RBI ignores govt pressure, keeps interest rates unchanged

RBI ignores govt pressure, keeps interest rates unchanged
Rebuffing pressure from the government to reduce cost of borrowing, RBI Governor Raghuram Rajan today kept interest rates unchanged, citing a spike in food prices and banks passing on to consumers only less than half of its previous rate cuts.

Rajan, in his third bi-monthly policy of the fiscal, left benchmark lending (repo) rate unchanged at 7.25 per cent as also the cash reserve ratio (CRR) at 4 per cent. The Reserve Bank of India (RBI) has already reduced the policy rate by a total of 75 basis points, or 0.75 per cent, since January, when it embarked on an easing cycle.

The banks, however, have passed on only 0.3 per cent to borrowers, Rajan said. "Given that policy action was front-loaded in June, it is prudent to keep the policy rate unchanged at the current juncture while maintaining the accommodative stance of monetary policy," he added.

The central bank, he said, will look for more room to ease policy rate depending upon fuller transmission of rate cuts by banks, food prices and US Federal Reserve normalisation signs.

A top finance ministry official had yesterday pitched for the fourth interest rate cut this year, saying inflation can not be the sole driving factor in deciding on monetary policy action. Keeping rates unchanged was driven by RBI not wanting to risk inflation from surging, a poor monsoon and a possible increase in interest rates in the US next month. RBI said sustained hardening of inflation, excluding food and fuel, is "most worrisome".

"Significant uncertainty will be resolved in the coming months, including likely persistence of recent inflationary pressures, full monsoon out-turn, as well as possible Federal Reserve actions," he added.

Inflation projections for January to March 2016 are lower by about 0.2 per cent, he said.
Retaining economy growth forecast at 7.6 per cent for 2015-16, RBI said outlook was improving gradually. Rajan also said that RBI will announce at least one set of bank licences before end of August.

On the controversial issue of curtailing the veto power of RBI Governor to set interest rates, Rajan said it would be better for the monetary policy committee (MPC) to decide benchmark rates rather than one individual.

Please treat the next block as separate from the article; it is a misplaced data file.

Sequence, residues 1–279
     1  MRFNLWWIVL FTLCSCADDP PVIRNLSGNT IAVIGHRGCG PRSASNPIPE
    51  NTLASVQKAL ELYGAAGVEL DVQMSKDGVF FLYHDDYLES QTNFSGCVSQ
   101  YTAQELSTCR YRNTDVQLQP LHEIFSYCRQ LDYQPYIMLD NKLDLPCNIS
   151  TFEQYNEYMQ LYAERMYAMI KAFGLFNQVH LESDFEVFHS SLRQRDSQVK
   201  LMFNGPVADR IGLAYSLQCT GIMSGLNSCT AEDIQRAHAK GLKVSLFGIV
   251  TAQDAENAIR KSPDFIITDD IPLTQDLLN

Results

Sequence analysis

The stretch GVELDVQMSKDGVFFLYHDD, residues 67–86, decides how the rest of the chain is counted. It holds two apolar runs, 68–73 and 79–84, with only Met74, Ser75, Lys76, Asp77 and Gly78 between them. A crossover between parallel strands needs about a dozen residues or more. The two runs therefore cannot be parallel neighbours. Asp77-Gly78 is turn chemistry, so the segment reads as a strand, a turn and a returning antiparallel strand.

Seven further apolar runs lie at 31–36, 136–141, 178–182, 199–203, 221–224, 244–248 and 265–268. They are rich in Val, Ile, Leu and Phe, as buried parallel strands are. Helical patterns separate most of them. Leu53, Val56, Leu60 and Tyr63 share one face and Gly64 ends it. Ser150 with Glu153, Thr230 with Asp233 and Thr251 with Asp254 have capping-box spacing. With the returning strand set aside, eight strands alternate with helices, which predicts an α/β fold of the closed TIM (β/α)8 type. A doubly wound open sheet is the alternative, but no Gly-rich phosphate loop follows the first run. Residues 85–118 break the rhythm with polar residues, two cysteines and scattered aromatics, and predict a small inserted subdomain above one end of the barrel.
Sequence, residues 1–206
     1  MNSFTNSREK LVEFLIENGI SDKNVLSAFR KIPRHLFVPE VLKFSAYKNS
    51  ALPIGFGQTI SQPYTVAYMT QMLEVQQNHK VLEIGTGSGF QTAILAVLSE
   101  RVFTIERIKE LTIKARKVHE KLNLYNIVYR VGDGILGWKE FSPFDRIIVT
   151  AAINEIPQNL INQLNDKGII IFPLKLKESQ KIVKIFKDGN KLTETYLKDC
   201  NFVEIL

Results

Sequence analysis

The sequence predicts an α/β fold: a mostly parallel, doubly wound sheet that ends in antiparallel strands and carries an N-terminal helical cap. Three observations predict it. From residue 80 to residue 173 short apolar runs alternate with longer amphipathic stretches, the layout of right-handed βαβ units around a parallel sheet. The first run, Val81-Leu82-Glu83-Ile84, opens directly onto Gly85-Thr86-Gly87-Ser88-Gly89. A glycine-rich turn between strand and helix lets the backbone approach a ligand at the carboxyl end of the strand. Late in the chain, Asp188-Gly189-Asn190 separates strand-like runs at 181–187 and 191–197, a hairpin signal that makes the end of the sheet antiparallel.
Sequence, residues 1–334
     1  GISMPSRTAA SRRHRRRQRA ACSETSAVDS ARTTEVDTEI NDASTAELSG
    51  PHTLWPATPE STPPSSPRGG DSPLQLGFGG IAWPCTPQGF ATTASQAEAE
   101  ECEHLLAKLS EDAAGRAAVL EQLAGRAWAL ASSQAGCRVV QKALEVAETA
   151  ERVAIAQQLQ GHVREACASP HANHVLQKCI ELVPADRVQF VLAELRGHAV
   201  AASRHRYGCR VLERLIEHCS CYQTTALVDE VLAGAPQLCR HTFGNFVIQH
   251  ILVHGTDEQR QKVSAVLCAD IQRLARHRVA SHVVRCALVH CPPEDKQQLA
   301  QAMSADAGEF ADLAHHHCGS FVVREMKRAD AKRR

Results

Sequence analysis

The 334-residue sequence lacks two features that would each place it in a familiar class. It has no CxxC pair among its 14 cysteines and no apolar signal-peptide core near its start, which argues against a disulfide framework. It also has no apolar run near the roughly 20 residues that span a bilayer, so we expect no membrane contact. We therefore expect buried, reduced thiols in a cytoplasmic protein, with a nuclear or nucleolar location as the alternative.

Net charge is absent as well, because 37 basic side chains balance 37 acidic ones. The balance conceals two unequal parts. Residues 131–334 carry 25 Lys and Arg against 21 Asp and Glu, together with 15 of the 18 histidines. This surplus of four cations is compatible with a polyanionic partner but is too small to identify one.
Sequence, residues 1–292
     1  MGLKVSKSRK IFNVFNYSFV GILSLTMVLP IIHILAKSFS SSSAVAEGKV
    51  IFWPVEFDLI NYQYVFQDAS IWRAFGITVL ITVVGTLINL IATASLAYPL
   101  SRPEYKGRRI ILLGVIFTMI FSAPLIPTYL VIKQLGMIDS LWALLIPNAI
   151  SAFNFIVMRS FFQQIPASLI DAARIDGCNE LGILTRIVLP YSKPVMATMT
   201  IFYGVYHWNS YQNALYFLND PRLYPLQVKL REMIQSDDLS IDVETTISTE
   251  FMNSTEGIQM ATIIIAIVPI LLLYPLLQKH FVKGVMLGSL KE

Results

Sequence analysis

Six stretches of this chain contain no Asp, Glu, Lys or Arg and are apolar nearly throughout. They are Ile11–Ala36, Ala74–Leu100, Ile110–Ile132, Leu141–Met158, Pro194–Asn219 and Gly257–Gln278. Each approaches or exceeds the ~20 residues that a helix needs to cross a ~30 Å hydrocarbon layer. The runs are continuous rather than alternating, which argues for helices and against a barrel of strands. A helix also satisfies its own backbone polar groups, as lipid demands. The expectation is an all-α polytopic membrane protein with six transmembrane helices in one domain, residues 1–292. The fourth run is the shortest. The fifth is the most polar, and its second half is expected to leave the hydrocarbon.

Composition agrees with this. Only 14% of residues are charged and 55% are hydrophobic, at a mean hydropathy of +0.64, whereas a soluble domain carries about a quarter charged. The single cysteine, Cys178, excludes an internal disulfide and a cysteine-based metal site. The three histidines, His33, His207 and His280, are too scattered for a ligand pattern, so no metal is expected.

He added that while the details of the monetary policy committee would have to be ironed out, "there are no differences between the RBI and government" in this matter. The revised draft of Indian Financial Code (IFC), as released by Finance Ministry last month, had suggested doing away with this veto power and wants the seven-member MPC to take decisions by a majority vote.

Of the seven members of the MPC, four would be government nominees and rest from the RBI. Referring to the resistance shown by banks to pass on policy rate cuts to borrowers, Rajan said banks have only cut 0.30 per cent at the median level as against RBI's cut of 0.75 per cent this year.

He hoped that with a likely pick-up in loan demand from the third quarter, "banks will see more gains from cutting rates to secure new lending and transmission will take place".
Welcoming the government's move to infuse more capital into state-run banks, Rajan said it will help both loan growth as well as transmission as the liquidity conditions ease.

On retail inflation, he said the June reading of 5.40 per cent resulted in the projections being elevated, but exuded confidence of meeting the 6 per cent target for early 2016.

However, he said "most worrisome" factor is the hardening in the non-food and fuel inflation, adding that the impact of the hike in service tax rates to 14 per cent, effected in June, will flow into the inflation reading through the year.

As regards growth, Rajan said the outlook is improving gradually and maintained the projection at 7.6 per cent for financial year 2015-16. He, however, warned that the contraction in exports "could become a prolonged drag" on growth going forward.

The global economic activity has recovered "modestly" in the June quarter but recessionary conditions in Russia and Brazil with downside risks from commodity prices and geopolitical conditions do cast a shadow on the outlook, Rajan added.
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